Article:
The German government wants to help rein in illicit excavations and trade in archeological objects with a tough new law. The move is expected to create pressure for some of country's most-famous museums, which contain numerous works of unknown provenance.Von Konstantin von Hammerstein
While the civil war in Syria has killed tens of thousands of people, it has also destroyed countless of the country's ancient treasures. Now a number of Syrians are trying to save what artifacts they can -- and are risking their lives to do so.Von Katrin Elger
Despite general resistence, representatives of tribes in the US recently gave their blessing for DNA analysis of the remains of a Stone Age child. Research conducted on the boy's genes indicate that Native Americans have European roots.Von Rex Dalton
After some initial digs, a Dutch filmmaker believes he may have found the site of buried Nazi treasure long rumored to exist. He was led to the Bavarian town of Mittenwald after cracking a code believed to be hidden in a music score.Von Björn Hengst und Benjamin Dürr
As competing researchers race to locate Genghis Khan's tomb, discoveries by German and Mongolian archaeologists are shedding light on his son Ögödei's equally impressive accomplishments.Von Frank Thadeusz
A badger helped discover the tombs of two medieval lords in Germany in what archaeologists are hailing as a significant find. The 12th century burial site contains a sword, bronze bowls, an ornate belt buckle and skeletal remains that tell stories of a violent life.Von David Crossland
Egypt's cultural heritage is in danger. Grave robbers, sometimes heavily armed, are taking advantage of political chaos to plunder its poorly guarded archaeological sites. Authorities feel powerless to stop them and fear that ancient treasures might be lost forever.Von Raniah Salloum
A chilling find has been made in Poland: at least 17 skeletons buried with the skulls severed and placed between the knees or hands. That, say archaeologists, is how vampires used to be interred, to stop them rising from the dead.
It used to be easy for foreign archaeology teams to get excavation permits in Turkey. This year, though, dozens of scientists are still waiting for government permission even though the dig season has begun. Some suspect that politics and nationalism are in play.Von Joel Stonington
For years, few were interested in unearthing what lay beneath old gallows and scaffolds. But, in Germany, growing interest in "execution site archaeology" is throwing much light on how the executed died and the executors lived.Von Matthias Schulz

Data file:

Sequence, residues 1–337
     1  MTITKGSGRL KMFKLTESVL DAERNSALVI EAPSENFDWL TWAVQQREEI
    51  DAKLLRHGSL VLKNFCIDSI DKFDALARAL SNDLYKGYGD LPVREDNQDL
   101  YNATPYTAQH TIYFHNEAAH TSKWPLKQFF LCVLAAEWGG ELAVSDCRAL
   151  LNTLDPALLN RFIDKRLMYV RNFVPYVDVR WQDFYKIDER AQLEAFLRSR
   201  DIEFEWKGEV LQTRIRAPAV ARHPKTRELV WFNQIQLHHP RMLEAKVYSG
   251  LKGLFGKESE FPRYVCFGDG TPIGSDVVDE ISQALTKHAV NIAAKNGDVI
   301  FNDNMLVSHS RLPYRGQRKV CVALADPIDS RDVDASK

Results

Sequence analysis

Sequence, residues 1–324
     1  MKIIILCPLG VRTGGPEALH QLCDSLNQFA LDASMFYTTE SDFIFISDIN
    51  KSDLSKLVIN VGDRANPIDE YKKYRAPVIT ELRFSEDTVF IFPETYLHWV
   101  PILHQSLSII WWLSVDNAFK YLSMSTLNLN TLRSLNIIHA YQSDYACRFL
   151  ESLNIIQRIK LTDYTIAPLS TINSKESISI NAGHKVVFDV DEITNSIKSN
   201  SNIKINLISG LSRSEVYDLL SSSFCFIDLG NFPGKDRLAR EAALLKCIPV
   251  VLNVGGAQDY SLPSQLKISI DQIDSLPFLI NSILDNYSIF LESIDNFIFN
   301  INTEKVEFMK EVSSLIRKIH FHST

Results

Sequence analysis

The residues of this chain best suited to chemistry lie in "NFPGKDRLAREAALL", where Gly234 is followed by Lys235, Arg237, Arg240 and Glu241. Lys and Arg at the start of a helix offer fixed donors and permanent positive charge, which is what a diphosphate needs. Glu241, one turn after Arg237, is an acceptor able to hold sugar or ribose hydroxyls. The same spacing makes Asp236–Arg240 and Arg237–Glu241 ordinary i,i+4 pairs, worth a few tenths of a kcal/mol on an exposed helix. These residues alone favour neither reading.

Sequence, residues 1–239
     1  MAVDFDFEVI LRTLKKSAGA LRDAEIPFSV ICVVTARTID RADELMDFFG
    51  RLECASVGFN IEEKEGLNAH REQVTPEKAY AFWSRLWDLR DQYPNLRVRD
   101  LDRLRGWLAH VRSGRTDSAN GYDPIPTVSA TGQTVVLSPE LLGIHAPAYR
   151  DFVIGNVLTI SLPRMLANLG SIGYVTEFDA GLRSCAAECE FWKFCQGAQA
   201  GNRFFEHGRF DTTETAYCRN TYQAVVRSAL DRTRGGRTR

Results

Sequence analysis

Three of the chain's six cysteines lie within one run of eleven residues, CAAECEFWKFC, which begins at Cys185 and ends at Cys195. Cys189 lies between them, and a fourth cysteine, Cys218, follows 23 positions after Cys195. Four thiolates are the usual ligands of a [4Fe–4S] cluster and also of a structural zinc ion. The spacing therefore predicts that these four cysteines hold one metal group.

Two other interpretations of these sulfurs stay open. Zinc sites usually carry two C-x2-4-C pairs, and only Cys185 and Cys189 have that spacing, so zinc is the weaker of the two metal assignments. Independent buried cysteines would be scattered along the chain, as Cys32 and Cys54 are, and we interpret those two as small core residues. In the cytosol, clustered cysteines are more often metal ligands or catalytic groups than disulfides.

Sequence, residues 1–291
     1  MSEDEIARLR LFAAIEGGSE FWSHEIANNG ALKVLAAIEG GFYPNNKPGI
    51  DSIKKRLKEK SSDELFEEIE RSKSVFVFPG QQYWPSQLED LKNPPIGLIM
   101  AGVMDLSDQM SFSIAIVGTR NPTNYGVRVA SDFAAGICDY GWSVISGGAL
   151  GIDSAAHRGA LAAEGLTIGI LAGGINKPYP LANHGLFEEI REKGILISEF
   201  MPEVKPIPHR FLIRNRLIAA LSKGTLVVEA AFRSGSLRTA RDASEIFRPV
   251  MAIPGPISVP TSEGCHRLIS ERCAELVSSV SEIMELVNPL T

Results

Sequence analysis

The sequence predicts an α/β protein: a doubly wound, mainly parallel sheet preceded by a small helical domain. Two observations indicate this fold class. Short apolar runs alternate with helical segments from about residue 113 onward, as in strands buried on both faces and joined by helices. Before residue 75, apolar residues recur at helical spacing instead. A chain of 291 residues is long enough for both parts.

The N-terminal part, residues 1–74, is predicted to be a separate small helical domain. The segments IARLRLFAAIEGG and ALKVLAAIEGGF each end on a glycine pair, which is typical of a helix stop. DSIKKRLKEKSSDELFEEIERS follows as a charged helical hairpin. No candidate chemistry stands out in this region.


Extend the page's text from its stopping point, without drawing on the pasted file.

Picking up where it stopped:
German museums and archaeologists fear that Turkey is punishing them for not repatriating contested artifacts. In a SPIEGEL interview, Turkish Culture Minister Ömer Çelik explains why Turkey is demanding both the artifacts and an apology.
For years, researchers have puzzled over why Viking descendents abandoned Greenland in the late 15th century. But archaeologists now believe that economic and identity issues, rather than starvation and disease, drove them back to their ancestral homes.Von Günther Stockinger
Archeologists are studying the ruins of a buried Christian empire in the highlands of Yemen. The sites have sparked a number of questions about the early history of Islam. Was there once a church in Mecca?Von Matthias Schulz
Mexico's Yucatan Peninsula is dotted with thousands of caves that once housed prehistoric people and later became sacred to the Mayans. German archaeologists and filmmakers are currently involved in a project to explore with modern imaging technology and make a 3-D film of this underwater labyrinth.Von Markus Becker
The ruins of the ancient city of Petra lay hidden until 1812, when a Swiss explorer stumbled upon them in modern-day Jordan. Two centuries later, a new exhibition in Basel brings together some 150 artifacts that shed light on how this mysterious culture of spice traders carved a luxurious oasis into the rocks of the desert.Von Matthias Schulz
Alarmed at the looting of historically valuable shipwrecks in the Baltic Sea, German archaeologists have started attaching underwater signs designating them as protected monuments. Hobby divers and trophy hunters are damaging a precious maritime legacy stretching back thousands of years, they warn.Von David Crossland
Archaeology is being revolutionized by remote-scanning techniques that use lasers to detect otherwise invisible ground features. The technology digitally extracts vegetation for a clean image of the earth's surface. Archaeologists in Germany have already discovered thousands of new sites.Von Markus Becker
A resurgent Turkey has launched a concerted effort to get cultural artifacts back from museums around the world. Although many museums deny that their objects were illegally obtained, Ankara is playing hardball by threatening to ban loans and revoke excavation permits.Von Matthias Schulz
For years, people have believed that the wonder of cupped bras were a 20th-century invention. But archaeologists excavating a castle in Austria have discovered four bras dating back some 600 years. The bodice-busting find could change the history of women's intimate apparel.